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Can you register with a GP if you’re homeless?

Maintaining a good level of health is important for everyone

Being able to function to the best of your ability means you can take on everyday tasks, chores, and even enjoy yourself, and when you’re feeling a little rough or run down it can really take its toll on even the most comfortable of people. An investigation from from the Bureau of Investigative Journalism found that at least 78 homeless people died last winter – a stark reminder that healthcare should be accessible to everyone. 

But if you’re sleeping rough, sofa-surfing or in temporary accommodation your health is key and ensuring you have access to vital services can sometimes be daunting.

Registering with a GP

But a clarification to NHS England’s patient registration guidance in 2015 means that GPs in England must register rough sleepers and hidden homeless (such as sofa-surfers), even if they have no evidence of a permanent address within the practice’s boundaries. The same logic applies in Scotland and Wales as well.

“Please be aware that a homeless patient cannot be refused registration on the basis of where they reside because they are not in settled accommodation” the NHS itself says. “There is no regulatory requirement to prove identity, address, immigration status or an NHS number in order to register as a patient and no contractual requirement for GPs to request this.”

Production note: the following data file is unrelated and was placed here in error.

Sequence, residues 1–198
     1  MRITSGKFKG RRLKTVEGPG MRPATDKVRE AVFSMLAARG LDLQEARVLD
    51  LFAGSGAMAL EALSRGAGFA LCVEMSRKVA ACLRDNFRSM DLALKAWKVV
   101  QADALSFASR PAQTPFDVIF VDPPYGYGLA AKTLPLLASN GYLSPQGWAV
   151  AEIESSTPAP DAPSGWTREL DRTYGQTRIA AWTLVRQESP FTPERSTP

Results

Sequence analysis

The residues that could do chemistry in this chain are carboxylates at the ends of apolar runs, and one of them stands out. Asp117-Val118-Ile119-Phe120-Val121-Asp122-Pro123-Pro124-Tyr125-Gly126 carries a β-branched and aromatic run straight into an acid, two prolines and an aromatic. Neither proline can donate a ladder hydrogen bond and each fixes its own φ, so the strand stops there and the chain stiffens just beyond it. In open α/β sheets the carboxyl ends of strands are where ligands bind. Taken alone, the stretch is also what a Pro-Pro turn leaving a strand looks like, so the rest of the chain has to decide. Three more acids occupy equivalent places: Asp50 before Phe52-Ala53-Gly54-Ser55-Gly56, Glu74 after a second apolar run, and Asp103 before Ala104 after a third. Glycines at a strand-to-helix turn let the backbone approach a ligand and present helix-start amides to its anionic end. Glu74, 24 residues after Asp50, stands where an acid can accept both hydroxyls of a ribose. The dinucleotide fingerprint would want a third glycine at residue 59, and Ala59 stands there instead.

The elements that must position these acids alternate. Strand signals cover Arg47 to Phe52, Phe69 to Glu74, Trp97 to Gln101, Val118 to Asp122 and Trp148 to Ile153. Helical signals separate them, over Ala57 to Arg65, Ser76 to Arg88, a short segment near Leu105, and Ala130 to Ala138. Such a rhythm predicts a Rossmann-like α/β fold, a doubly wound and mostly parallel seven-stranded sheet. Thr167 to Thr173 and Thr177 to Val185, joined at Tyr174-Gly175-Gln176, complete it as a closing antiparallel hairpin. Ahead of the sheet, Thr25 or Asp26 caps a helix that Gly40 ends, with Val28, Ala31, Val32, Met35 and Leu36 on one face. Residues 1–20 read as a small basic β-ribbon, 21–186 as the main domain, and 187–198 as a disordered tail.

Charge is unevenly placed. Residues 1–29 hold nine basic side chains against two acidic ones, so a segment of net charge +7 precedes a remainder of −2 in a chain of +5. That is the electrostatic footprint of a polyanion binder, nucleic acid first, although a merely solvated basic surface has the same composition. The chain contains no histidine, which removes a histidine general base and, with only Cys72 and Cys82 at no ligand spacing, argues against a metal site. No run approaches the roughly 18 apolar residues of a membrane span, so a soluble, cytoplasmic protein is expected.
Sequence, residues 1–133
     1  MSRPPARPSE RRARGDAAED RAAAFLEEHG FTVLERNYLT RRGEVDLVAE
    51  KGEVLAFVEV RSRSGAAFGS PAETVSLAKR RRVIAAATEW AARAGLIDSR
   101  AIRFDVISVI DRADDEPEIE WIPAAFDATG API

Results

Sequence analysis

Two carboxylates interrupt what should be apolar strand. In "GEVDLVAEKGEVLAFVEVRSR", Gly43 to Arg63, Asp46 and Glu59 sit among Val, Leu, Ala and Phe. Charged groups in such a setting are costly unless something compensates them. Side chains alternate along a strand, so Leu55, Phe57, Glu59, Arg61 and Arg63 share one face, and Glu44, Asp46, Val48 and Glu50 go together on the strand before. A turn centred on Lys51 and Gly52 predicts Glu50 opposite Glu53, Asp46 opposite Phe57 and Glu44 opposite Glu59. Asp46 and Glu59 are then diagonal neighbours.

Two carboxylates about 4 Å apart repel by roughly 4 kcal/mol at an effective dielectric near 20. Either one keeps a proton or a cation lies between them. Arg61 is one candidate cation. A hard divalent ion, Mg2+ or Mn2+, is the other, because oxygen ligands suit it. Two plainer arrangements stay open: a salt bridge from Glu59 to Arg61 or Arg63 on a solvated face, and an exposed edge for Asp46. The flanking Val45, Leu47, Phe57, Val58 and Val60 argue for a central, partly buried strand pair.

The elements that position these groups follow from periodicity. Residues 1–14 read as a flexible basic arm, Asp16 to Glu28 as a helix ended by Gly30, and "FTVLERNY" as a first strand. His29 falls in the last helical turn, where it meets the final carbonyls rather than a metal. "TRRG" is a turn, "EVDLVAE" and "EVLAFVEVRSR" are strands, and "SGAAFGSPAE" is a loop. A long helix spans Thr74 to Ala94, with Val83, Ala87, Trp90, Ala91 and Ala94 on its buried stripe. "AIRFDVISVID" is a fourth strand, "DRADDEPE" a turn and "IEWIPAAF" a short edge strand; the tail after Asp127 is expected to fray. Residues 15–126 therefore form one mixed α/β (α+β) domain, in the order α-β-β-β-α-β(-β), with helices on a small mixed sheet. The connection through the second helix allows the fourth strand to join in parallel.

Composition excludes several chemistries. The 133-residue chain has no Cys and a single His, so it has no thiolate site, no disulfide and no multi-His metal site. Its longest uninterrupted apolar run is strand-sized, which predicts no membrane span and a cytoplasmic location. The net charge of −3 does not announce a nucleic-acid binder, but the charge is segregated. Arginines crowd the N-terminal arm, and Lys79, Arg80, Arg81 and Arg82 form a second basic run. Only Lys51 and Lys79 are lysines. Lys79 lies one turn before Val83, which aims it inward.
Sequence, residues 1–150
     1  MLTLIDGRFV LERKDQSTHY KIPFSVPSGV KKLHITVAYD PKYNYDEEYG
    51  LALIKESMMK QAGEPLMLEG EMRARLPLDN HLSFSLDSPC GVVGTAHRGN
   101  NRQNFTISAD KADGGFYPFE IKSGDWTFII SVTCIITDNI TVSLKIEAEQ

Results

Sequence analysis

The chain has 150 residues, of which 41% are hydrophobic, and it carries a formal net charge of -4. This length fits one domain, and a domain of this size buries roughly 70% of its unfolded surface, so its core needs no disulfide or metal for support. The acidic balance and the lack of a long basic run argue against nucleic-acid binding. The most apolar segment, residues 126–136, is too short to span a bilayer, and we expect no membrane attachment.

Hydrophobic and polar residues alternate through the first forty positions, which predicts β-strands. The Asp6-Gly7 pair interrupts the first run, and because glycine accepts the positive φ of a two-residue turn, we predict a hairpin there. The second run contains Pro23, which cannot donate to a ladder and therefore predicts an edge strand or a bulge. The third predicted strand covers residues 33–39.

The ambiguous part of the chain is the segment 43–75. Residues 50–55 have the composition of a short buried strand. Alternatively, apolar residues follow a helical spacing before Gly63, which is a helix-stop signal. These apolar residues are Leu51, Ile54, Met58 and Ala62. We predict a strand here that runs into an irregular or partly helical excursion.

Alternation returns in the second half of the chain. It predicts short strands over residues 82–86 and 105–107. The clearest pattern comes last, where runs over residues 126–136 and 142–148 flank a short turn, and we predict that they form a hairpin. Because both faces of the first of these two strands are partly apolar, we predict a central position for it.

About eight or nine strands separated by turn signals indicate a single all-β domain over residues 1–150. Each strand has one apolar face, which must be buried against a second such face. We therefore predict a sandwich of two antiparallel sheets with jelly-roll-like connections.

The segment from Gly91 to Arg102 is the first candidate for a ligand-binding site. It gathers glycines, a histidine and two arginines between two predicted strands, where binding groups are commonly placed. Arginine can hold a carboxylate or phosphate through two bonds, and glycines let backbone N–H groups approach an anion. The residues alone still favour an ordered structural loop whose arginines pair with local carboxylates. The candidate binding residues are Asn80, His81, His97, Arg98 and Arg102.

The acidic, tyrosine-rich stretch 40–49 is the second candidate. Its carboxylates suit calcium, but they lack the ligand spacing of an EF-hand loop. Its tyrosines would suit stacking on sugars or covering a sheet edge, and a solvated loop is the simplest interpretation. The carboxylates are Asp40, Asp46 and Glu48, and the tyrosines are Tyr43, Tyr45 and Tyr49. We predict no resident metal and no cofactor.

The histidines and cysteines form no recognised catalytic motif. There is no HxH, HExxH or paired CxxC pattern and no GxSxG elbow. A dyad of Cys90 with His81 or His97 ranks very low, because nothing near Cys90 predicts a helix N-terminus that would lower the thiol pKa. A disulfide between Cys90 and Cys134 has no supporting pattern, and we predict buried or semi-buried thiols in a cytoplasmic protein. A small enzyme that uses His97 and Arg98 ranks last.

“Those who are homeless, vulnerably housed or ‘of no fixed abode’, asylum seekers, refugees and overseas visitors, whether lawfully in the UK or not, are eligible to register with a GP practice even if they have to pay for NHS services outside of the GP practice.”

If the idea of heading to a doctor’s surgery is too daunting there are lots of charities, organisations and NHS funded services that cater especially for homeless and vulnerably housed people such as the Clock Tower Surgery in Exeter, or the Hunter Street Homeless Services in Glasgow. Local charities can advise on local health services that specialise in the treatment and care of homeless people with health problems, or even help you register with a local GP.

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The Big Issue magazine launched in 1991 in response to the growing number of rough sleepers on the streets of London, by offering people the opportunity to earn a legitimate income through selling a magazine to the public. Twenty-five years on, our vendors come from a variety of backgrounds and face the myriad of problems associated with poverty and inequality.

Main image: Marbury/iStock

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Your local vendor is at the sharp end of the cost-of-living crisis this Winter. Prices of energy and food are rising rapidly. As is the cost of rent. All at their highest rate in 40 years. Vendors are amongst the most vulnerable people affected. Support our vendors to earn as much as they can and give them a fighting chance this Winter.

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